Cardinal, LLC © ALL RIGHTS RESERVED.
Share Your Story - NEW for 2019!
Have you ever wondered how you'll be remembered? Or, IF you’ll be remembered? If so, it’s time to consider the various options available today to record and to share your stories with family and friends. Stories serve to inform, amaze, enlighten, and enrich the lives of those left behind. Your story is worth sharing. In fact, it’s priceless!
How Will Your Story End?
Although we live in a death averse society, you have probably thought about how you want your journey to end. If you are like the majority of people in our country, you want to die at home—surrounded by your family and friends. But the sad reality is this—most people don’t get what they want at the end of life. Due to circumstances and the domino effect of acute, aggressive care—far too many people die in the sterile, unfamiliar, dehumanizing environment of an ICU. So, the question is this—How can we reclaim authorship of our ending?
In Search of the “Right” Answer
Over the past fifty years, advances in medical care have outpaced our ability to comprehend the ethical implications of our health care decisions. Consequently, knowing the basics of bioethics is beneficial to you and your family when confronted with medical dilemmas. Bioethics is the study of controversial, ethically complex, medical situations that arise due to biological and medical advances. Bioethics doesn’t serve as a crystal ball—no magical answers! However, by understanding the basics of bioethical discourse, we can more competently assess the available options and the subsequent ethical implications of our actions. There is no one “right” answer, but we can work to discern the “right” answer for ourselves and our families. We will specifically address the issues of physician-aided death, palliative sedation, and artificial nutrition and hydration at the end of life.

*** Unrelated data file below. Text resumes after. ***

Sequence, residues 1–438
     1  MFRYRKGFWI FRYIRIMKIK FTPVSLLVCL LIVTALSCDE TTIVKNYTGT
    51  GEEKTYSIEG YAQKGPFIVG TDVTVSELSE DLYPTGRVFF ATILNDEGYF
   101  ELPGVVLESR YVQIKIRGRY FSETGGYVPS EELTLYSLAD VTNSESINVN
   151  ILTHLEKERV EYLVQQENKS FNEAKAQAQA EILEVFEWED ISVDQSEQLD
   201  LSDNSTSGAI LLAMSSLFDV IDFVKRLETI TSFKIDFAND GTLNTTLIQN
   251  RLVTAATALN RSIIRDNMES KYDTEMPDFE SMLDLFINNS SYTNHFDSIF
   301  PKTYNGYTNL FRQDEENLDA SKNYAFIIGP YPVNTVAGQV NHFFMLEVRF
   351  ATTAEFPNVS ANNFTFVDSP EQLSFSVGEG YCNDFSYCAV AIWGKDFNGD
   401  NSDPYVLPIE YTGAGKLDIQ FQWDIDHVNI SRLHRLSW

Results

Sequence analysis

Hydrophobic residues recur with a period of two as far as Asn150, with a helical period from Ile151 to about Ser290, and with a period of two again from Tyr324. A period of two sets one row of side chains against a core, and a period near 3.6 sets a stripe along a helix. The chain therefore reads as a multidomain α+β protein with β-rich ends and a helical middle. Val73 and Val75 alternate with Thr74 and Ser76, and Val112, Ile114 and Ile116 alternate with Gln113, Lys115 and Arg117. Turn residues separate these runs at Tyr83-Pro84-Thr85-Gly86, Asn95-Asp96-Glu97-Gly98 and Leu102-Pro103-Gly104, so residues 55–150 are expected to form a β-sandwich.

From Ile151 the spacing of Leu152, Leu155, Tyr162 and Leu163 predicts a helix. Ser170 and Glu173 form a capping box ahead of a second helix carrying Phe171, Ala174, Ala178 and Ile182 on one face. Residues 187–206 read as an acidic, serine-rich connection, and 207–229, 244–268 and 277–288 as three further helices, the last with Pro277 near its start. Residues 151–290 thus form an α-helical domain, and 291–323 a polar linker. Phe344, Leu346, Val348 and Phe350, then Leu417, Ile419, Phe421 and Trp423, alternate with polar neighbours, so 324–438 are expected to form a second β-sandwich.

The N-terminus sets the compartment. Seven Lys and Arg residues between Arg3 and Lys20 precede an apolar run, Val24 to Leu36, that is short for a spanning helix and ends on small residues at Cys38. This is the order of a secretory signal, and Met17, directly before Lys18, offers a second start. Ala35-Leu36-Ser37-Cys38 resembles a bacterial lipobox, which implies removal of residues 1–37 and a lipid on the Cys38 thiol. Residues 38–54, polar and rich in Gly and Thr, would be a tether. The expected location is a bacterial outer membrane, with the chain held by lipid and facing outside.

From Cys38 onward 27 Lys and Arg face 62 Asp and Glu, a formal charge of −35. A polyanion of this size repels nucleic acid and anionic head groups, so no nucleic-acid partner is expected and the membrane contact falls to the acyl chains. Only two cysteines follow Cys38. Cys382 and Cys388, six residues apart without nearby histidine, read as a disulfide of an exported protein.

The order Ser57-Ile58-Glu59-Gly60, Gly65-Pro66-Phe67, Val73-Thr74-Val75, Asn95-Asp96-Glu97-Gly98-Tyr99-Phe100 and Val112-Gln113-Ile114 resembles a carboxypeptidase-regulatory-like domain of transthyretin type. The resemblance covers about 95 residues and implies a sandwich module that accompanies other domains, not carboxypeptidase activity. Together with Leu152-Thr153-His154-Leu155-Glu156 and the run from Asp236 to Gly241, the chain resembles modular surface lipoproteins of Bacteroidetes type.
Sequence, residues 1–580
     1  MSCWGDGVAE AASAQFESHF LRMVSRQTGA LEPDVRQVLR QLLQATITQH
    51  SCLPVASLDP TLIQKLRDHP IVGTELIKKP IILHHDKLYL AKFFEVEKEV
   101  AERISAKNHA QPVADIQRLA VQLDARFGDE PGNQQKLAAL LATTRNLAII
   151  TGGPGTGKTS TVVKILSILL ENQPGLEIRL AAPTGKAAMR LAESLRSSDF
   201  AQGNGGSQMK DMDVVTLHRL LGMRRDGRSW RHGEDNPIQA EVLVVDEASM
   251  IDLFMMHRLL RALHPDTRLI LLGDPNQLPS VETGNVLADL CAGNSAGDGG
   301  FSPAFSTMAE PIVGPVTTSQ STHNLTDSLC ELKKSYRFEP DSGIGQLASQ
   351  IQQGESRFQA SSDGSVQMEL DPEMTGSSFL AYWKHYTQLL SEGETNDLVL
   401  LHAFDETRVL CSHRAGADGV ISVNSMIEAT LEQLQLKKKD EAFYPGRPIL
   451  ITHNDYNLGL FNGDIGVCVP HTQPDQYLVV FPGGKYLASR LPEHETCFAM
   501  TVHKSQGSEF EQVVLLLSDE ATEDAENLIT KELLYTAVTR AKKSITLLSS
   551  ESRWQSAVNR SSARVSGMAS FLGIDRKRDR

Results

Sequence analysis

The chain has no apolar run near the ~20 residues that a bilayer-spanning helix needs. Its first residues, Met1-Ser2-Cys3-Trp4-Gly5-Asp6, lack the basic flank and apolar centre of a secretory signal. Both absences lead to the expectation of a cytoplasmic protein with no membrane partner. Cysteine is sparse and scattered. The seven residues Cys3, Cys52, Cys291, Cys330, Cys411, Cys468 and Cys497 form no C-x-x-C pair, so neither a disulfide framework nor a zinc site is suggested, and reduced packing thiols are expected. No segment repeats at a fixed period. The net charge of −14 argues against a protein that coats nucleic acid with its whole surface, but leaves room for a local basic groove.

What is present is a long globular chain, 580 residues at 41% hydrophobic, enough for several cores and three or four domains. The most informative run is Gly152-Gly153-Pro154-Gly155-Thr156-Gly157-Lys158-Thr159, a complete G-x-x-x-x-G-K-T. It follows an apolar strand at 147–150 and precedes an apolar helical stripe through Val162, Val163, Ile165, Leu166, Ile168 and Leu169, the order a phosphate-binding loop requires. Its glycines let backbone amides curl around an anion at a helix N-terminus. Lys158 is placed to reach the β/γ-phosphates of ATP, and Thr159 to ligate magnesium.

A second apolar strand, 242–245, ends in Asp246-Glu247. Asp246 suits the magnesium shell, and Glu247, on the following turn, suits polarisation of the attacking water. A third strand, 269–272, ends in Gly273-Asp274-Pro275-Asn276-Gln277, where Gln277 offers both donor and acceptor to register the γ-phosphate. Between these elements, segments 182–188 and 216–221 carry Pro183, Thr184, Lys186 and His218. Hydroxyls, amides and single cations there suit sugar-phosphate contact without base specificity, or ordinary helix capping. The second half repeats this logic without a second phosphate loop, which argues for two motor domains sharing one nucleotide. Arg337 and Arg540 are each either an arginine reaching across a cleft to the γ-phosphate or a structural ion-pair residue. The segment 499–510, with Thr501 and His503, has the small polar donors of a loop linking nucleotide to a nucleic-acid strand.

Plotting and Planning: Advance Directives, Ethical Wills, and Final Arrangements
Western society is depicted as death averse and youth affirming. We spend an inordinate amount of time, attention, and money attempting to retain a youthful appearance that then masks the reality of our mortality. Our reluctance to engage in the advance care planning process is rooted in our fear of death. It takes courage to consider what is beyond this life—to contemplate the unknown, the mysterious. Perhaps, if we reframed the process in terms of how we choose to live, we would be more inclined to articulate our wishes.
There is HOPE in HOsPicE
Contrary to popular belief, hospice is not a four letter word, nor is it something to be feared. Hospice is a philosophy and model of health care designed to serve persons in compassionate, life giving ways. So why does the word cause such angst and trepidation for patients and families? More often than not, our reactions are rooted in a lack of knowledge, fear of death, denial, and avoidance. Take the first step in overcoming your fears by learning how hospice and palliative care can serve you and your family. We will review the historical roots of hospice care, the evolution of contemporary hospice care, and the “state of the union” regarding hospice and palliative services in the United States. Remember, there is HOPE in HOsPicE!
Today's end-of-life rituals often look quite different from the rituals of previous generations. Not everyone resonates with a traditional funeral or memorial service. So people are choosing to put a personal spin on ritual. It's important to realize that ritual doesn't just happen! Creation of meaningful end-of-life rituals is a collaborative process requiring time, attention, and intention.
Dying to Know: How Death Informs the Lived Experience
Death is a question of ultimate concern for every human being. How we choose to engage the question is dependent on our attitudes and beliefs regarding death and dying. Our attitudes about death inform our behaviors, and our behaviors influence our experiences. By reviewing historical attitudes and approaches to death, we recognize the importance of overcoming our fears related to death in order to live fully present to the moment.